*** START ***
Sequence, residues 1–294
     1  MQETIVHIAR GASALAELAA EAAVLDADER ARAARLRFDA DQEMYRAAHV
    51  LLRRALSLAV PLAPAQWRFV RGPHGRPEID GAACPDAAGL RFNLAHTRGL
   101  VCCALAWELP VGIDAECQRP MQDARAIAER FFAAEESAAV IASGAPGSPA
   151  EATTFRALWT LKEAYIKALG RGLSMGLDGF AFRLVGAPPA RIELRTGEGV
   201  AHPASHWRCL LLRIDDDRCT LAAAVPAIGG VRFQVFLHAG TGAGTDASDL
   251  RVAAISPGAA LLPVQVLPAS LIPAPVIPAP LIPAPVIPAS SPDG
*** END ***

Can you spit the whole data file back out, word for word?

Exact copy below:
Sequence, residues 1–294
     1  MQETIVHIAR GASALAELAA EAAVLDADER ARAARLRFDA DQEMYRAAHV
    51  LLRRALSLAV PLAPAQWRFV RGPHGRPEID GAACPDAAGL RFNLAHTRGL
   101  VCCALAWELP VGIDAECQRP MQDARAIAER FFAAEESAAV IASGAPGSPA
   151  EATTFRALWT LKEAYIKALG RGLSMGLDGF AFRLVGAPPA RIELRTGEGV
   201  AHPASHWRCL LLRIDDDRCT LAAAVPAIGG VRFQVFLHAG TGAGTDASDL
   251  RVAAISPGAA LLPVQVLPAS LIPAPVIPAP LIPAPVIPAS SPDG